Fewer than half of people with high blood pressure have it under control. The problem: When our pressure is too high for too long, it can stretch and damage our arteries. The resulting health problems can include heart disease, heart failure, stroke, kidney damage, vision loss, memory loss and cognitive decline. Our first line of defense is not to brush off high blood pressure: Lifestyle changes are natural ways to lower blood pressure.
Balance nutrients. Less sodium (under 1,500 mg per day) and more potassium rich foods.Â Use Gomashio instead of salt
Eating food that contains probiotics ”consumable live bacteria” has been linked to healthier blood pressure. Yogurt is the clearest example of a probiotic but people might not be as aware of prebiotics. Prebiotics are things that we eat that contain the precursors bacteria needed to make the special chemicals that are then absorbed by our bodies, potentially lowering blood pressure. Fiber can be a prebiotic for a lot of bacteria, so when we eat fiber, the bacteria break it down to make those chemicals. We can find prebiotics in fiber-containing foods such as garlic, onions, asparagus, whole wheat pasta and sweet potatoes.
Lose a little weight
Researchers are finding that extra pounds can actually cause heart muscle injury. We should move more. Physical activity can be as beneficial to our heart as medication in some cases, A combination of aerobic workouts (which, depending on your fitness level, can include walking, running, swimming, and other vigorous heart-pumping exercise) and strength training (weight lifting, resistance training) is considered best for heart health. These exercises improve the muscles’ ability to draw oxygen from the circulating blood. That reduces the need for the heart – a muscular organ itself – to work harder to pump more blood to the muscles, whatever our age.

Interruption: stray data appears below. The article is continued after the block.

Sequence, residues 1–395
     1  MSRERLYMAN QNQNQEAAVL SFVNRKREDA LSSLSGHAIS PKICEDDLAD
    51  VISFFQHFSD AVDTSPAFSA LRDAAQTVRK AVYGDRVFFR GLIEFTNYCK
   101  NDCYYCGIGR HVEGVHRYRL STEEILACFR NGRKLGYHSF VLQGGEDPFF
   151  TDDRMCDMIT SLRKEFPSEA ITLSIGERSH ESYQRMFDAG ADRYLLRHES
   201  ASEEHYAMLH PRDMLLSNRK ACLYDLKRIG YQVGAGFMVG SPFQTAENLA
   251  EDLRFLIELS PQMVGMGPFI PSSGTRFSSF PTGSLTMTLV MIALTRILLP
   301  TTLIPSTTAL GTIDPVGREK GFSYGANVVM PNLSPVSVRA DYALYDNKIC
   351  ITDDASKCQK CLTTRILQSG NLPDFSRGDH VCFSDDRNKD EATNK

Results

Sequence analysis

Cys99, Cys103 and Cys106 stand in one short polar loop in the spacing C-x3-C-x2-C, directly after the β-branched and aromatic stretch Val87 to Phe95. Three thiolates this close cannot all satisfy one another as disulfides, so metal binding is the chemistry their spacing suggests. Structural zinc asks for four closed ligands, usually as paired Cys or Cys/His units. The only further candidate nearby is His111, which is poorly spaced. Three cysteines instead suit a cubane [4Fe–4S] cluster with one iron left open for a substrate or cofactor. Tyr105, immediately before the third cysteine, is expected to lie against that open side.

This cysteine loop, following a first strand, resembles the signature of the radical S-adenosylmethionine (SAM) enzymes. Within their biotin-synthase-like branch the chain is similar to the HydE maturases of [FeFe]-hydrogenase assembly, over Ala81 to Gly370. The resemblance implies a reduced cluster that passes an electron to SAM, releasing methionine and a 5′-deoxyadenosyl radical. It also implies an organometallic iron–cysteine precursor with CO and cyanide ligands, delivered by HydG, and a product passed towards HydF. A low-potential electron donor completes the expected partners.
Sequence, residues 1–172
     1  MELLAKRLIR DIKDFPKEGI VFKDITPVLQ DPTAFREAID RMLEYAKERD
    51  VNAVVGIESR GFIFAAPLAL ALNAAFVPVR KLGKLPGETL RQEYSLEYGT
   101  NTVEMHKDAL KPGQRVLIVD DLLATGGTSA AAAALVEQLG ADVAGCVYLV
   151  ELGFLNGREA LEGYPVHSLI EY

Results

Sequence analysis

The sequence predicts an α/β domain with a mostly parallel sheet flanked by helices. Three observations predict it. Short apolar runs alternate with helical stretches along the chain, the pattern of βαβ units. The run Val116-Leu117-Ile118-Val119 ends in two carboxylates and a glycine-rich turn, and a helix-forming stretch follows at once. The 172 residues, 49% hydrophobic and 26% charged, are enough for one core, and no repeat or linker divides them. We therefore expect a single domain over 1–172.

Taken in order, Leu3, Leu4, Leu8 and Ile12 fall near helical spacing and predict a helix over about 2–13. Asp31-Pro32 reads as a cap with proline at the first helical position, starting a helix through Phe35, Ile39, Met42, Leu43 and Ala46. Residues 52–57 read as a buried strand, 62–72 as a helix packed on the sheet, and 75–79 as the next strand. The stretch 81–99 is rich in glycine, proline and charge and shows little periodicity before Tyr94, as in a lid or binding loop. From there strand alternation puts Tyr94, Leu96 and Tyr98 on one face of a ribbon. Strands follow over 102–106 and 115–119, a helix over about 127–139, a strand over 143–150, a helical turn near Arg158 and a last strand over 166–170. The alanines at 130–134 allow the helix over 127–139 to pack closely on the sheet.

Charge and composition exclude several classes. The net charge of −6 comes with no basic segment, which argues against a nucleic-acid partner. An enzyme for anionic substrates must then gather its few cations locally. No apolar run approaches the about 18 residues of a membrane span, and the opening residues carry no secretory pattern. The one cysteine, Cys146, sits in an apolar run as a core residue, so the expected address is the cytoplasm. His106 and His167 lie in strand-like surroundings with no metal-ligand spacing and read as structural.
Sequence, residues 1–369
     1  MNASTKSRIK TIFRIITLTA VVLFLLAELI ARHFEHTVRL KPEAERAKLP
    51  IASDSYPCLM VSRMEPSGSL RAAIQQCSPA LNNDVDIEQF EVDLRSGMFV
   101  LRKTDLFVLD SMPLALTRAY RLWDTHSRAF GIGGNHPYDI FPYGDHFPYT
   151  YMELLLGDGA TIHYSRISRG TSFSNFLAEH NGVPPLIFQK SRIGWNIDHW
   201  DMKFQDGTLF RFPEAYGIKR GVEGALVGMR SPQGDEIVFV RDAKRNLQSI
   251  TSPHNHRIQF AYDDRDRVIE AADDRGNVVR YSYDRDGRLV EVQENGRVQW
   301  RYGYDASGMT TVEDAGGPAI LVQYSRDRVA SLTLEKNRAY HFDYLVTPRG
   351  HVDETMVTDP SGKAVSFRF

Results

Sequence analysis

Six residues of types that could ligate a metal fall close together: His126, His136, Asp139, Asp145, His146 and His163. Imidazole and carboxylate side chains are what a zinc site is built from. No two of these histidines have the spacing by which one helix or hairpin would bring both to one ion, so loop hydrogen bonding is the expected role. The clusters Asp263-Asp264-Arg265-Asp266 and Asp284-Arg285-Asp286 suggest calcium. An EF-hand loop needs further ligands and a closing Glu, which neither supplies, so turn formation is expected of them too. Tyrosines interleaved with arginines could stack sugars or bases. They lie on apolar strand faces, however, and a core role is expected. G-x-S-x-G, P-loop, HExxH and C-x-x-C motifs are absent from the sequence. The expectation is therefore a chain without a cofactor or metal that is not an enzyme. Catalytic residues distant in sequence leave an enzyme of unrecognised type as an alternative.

Everybody has some stress in their lives. But prolonged stress can raise your blood pressure and keep it higher longer than is healthy. Ways to relax your mind, body and blood pressure?
Practice yoga, One of yoga’s clearest benefits to the heart is its ability to relax the body and mind. Emotional stress can cause a cascade of physical effects, including the release of hormones like cortisol and adrenaline, which narrow our arteries and increase blood pressure. The deep breathing and mental focus of yoga can offset this stress.
Worry and depression commonly follow a cardiac event, such as a heart attack, bypass surgery or diagnosis of heart disease. As part of an overall treatment plan, yoga can help us manage this stress.
Practice meditation. Meditation techniques appear to produce small yet meaningful reductions in blood pressure either as monotherapy or in conjunction with traditional pharmacotherapy. Transcendental meditation and mindfulness-based stress reduction may produce clinically significant reductions in systolic and diastolic blood pressure.